The plaintiffs assert that if the court chooses not to apply Texas and Tennessee law, D.C. law should apply. 3d Am. Compl. ¶ 42 n. 2. The choice between the law of the District of Columbia and the plaintiffs' respective states of domicile presents a "false conflict" under D.C.'s choice-of-law analysis, because, in addition to the lack of any apparent substantial differences between the personal injury laws of these fora, no policy of D.C. would be advanced by the application of its law in this case. The plaintiffs are not residents of the District of Columbia and, outside of this action, they have no particular connection to the District of Columbia. Although uniformity and predictability are relevant factors under the Restatement, RESTATEMENT (SECOND) OF CONFLICT OF LAWS § 6 (1971), the FSIA does not itself mandate uniformity of substantive law that might tip the balance in favor of selecting D.C. law as the exclusive source of law for § 1605(a)(7) actions. See Dammarell, 2005 WL 756090, at * 19 (stating that "[t]he only plausible rationale for choosing the law of the District of Columbia in an FSIA case is to adopt a single, familiar rule of decision in the interest of developing a uniform and easy to apply set of legal standards"). Additionally, the D.C. Circuit has cast significant doubt on how far policy concerns for uniformity may go to justify the selection of a source of law for § 1605(a)(7) actions. See Cicippio-Puleo v. Islamic Republic of Iran, 353 F.3d 1024, 1033 (D.C. Cir. 2004) (holding that neither § 1605(a)(7) nor the Flatow Amendment create a federal cause of action against a foreign state); Acree v. Republic of Iraq, 370 F.3d 41, 59 (D.C. Cir. 2004) (holding that "generic common law cannot be the source of a federal cause of action" against a foreign state) (emphasis in original). In a recent case, a court has concluded that the plain text of § 1606 cannot be overcome by the unique concerns and interests, including interests in uniformity, that § 1605(a)(7) cases typically involve. Dammarell, 2005 WL 756090, at * 11 (rejecting the argument that interests in uniformity can justify creating federal common law under the FSIA, and noting that "[t]his is not to say that a court should be insensitive to the unique concerns raised by an action alleging that a foreign country is a sponsor of terrorism. These concerns simply cannot overcome the plain text of the statute, which directs the courts to allow plaintiffs to bring any claims they would be able to bring if the defendant were a private individual charged with the same acts of terror"). The D.C. Circuit has also applied similar reasoning to argue that the FSIA does not grant authority to create a complete body of federal law because § 1606 "in effect instructs federal judges to find the relevant law, not to make it." Bettis v. Islamic Republic of Iran, 315 F.3d 325, 333 (D.C. Cir. 2003).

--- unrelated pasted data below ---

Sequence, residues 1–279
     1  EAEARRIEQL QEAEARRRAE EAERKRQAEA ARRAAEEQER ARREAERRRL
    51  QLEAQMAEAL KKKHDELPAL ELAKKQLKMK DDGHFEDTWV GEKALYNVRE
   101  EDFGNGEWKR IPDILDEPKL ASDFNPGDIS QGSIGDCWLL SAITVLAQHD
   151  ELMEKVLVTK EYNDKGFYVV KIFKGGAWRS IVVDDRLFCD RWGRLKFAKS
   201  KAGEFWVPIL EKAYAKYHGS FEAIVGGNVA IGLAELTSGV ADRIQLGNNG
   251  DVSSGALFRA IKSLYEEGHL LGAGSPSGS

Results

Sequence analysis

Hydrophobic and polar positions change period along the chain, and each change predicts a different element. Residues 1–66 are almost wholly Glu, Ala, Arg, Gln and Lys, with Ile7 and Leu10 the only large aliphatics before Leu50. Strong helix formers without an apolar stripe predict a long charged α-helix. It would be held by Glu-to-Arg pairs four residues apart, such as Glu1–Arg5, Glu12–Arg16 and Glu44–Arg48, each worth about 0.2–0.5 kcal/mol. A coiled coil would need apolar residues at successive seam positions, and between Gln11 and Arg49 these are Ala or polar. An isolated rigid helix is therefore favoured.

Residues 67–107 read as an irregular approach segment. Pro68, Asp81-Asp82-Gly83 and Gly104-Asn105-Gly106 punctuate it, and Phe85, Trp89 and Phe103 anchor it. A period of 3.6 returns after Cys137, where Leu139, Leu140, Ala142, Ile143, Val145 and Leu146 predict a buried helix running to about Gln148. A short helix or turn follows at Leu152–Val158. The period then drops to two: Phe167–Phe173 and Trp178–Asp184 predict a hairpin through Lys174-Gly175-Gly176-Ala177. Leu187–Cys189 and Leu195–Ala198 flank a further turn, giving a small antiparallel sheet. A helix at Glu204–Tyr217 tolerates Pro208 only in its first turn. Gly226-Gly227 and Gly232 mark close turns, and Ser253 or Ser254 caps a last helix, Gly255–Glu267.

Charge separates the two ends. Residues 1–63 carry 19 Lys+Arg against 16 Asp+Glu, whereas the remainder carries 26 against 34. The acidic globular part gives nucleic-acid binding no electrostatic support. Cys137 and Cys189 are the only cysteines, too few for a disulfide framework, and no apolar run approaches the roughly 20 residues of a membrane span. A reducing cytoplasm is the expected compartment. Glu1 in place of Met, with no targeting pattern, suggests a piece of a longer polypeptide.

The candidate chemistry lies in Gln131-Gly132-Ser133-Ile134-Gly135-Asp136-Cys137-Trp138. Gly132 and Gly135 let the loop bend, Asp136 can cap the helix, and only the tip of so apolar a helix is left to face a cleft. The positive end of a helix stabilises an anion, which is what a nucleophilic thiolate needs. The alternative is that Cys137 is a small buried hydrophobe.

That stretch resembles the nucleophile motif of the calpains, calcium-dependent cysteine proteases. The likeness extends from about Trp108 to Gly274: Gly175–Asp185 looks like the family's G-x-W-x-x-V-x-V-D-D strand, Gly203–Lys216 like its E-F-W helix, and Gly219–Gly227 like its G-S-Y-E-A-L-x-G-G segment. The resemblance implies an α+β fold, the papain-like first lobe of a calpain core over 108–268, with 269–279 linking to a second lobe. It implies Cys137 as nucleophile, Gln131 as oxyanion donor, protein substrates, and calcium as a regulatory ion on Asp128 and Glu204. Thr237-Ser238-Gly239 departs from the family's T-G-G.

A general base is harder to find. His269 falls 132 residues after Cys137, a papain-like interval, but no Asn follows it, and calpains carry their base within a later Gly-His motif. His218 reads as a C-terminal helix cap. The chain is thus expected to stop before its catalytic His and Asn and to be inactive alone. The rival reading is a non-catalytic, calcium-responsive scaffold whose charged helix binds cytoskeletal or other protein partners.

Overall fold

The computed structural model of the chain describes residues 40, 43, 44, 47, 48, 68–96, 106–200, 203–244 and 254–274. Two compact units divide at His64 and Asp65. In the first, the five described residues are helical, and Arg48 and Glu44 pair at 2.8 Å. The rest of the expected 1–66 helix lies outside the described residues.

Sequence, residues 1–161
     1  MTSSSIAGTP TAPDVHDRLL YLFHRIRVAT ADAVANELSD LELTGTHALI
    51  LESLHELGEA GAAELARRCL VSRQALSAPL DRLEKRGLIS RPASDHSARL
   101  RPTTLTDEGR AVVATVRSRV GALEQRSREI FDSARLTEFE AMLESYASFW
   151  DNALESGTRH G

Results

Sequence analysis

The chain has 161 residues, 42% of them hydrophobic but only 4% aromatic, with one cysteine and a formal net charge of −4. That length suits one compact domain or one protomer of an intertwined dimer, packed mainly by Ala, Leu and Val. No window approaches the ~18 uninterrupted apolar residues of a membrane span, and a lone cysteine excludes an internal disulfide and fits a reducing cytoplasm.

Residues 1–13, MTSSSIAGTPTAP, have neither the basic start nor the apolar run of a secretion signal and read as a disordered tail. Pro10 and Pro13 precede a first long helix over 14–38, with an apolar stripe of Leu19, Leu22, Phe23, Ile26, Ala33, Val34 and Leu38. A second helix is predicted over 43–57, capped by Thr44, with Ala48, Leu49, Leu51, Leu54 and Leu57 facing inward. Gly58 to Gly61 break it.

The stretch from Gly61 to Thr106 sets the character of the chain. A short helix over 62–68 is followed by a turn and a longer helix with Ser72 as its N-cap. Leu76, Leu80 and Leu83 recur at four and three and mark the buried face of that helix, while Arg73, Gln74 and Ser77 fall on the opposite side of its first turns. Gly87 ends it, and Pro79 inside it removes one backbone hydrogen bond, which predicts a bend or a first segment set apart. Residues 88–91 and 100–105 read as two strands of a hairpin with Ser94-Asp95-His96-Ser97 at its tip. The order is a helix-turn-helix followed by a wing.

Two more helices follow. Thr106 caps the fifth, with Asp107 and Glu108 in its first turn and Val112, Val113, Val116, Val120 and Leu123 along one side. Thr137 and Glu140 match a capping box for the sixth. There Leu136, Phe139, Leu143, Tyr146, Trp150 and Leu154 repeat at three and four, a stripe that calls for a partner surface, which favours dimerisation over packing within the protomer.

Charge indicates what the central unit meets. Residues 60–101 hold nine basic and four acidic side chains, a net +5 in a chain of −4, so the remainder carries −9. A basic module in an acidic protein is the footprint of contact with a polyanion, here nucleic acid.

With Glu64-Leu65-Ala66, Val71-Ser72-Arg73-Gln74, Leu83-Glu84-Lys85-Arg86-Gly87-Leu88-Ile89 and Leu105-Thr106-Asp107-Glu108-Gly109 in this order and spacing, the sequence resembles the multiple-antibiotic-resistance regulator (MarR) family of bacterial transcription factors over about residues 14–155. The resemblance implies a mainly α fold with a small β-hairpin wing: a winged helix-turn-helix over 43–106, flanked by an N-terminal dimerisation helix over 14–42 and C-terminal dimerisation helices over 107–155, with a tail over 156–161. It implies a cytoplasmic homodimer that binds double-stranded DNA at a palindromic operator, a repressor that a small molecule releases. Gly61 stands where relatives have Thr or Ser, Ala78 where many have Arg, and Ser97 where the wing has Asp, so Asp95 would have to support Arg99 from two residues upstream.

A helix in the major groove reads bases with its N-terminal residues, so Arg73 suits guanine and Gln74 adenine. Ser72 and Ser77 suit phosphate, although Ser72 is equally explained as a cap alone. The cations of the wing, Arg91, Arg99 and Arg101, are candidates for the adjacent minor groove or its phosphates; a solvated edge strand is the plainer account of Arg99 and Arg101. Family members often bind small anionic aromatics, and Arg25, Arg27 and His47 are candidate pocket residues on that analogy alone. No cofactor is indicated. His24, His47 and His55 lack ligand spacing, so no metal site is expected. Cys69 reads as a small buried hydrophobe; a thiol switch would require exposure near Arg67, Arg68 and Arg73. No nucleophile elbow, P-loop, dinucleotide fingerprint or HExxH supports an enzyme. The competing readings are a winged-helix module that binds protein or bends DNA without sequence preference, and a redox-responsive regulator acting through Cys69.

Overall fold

In addition, interests in uniformity by themselves are insufficient, without an explicit statutory directive and in the absence of a significant conflict between a federal policy and state law, to "justify displacing state law in favor of a federal common law rule." B.F. Goodrich v. Betkoski, 112 F.3d 88, 91 (2d Cir. 1997); see also Mims v. Mims, 635 A.2d 320, 324-25 (D.C. 1993) (holding that interests in uniformity are not determinative in a choice-of-law analysis when another jurisdiction has "a significantly greater interest" in adjudication of the matter). For the foregoing reasons, the application of the law of the District of Columbia, like the uniform application of federal common law, cannot be justified under § 1605(a)(7) on the grounds of an interest in uniformity.